Honduras: the shameful silence of our Press

The shameful silence of our mainstream press compels me to continue blogging about Central America. When I visited my nephew, Greg Landau, in the suburbs of Managua, Nicaragua in 1984, this was an empty field behind his house.

War Refugee Housing, Managua, oil on canvas, 18" X 24", 1985

When I returned and painted this picture, a year later,  it had filled with the impromptu homes of war refugees. Managua, which was wracked in 1972 by an earthquake of biblical proportions and then by years of insurrection against President Somoza, who had embezzled the international relief shipments, would never enjoy the fruits of the 1979 Sandinista victory. Instead, the United States chose to bleed the revolution dry with a proxy, terrorist army operating out of Honduras. By 1985  Managua was inundated with refugees from the terrorized countryside.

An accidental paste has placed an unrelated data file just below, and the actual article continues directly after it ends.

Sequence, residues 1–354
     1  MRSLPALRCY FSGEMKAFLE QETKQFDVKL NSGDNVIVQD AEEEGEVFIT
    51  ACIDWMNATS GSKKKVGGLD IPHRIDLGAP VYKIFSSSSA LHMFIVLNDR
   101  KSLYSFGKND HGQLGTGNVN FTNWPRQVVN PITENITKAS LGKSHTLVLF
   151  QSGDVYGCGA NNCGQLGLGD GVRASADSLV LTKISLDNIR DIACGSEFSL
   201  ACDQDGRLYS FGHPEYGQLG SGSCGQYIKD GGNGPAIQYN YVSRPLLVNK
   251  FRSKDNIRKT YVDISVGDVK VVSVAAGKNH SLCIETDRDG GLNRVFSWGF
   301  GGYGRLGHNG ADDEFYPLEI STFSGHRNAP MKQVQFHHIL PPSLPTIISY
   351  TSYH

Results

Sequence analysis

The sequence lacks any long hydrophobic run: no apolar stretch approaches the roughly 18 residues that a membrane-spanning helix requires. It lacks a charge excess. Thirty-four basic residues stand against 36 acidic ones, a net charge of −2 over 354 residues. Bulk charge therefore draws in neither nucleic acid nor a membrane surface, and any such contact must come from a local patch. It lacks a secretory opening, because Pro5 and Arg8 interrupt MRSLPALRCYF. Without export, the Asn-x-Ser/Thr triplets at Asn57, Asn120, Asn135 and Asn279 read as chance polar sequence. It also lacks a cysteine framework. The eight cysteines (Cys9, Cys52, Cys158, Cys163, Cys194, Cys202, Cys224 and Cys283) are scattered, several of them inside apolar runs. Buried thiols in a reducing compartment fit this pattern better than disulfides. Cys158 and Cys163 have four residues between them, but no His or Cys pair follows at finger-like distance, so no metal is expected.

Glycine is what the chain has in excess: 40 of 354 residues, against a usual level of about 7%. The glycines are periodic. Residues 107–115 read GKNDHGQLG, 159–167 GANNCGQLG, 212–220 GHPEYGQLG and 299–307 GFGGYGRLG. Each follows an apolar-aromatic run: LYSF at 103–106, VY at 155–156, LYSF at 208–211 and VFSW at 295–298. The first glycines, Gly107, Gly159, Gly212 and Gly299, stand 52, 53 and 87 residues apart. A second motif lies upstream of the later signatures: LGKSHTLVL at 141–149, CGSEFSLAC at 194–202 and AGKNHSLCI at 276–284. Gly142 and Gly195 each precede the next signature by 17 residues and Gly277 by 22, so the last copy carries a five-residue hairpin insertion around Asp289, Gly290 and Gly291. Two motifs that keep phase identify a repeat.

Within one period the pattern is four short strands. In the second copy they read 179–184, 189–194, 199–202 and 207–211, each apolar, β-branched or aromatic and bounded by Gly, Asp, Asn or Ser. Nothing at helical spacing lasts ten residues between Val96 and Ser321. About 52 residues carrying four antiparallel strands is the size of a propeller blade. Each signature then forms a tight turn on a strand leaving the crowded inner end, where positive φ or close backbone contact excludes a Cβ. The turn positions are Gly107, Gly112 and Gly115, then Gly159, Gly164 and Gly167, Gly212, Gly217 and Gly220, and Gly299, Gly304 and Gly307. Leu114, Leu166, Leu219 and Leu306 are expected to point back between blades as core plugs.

Many had hoped that  President Obama would write a new, progressive chapter in our relations with Latin America. We never dreamed that we would see the iron fist of Uncle Sam closing , once more, around the throat of Central America.

Because that is what is happening.

The silence of our mainstream press and the lies of Hillary Clinton may confound the American people. The rest of the world has witnessed the military overthrow of a duly elected president with, at least, the tacit consent of Washington. Why?  Because President Zelaya proposed a nonbinding referendum on revising the Honduran constitution. This constitution was written in the 80's to protect a small oligarchy that has always acted in our interests.

Hillary Clinton has declared that the United States will not take sides because President Zelaya has been 'provocative'. Since when was it provocative for a legal president to call on his people to engage in nonviolent resistance to a military coup?  Hundreds of thousands continue to protest. They are being met with tear gas, batons and bullets . The nest of vipers that we  nurtured in Honduras has turned on its own people.

It's curious that the last time we overthrew a president in neighboring Nicaragua his name was also Zelaya. This action precipitated the rise of the first great, anti-imperialist guerrilla leader in Latin America, Augusto Sandino.

For more extensive background information, I refer you to "Behind the Honduras Coup" by Saul Landau and Nelson Valdes.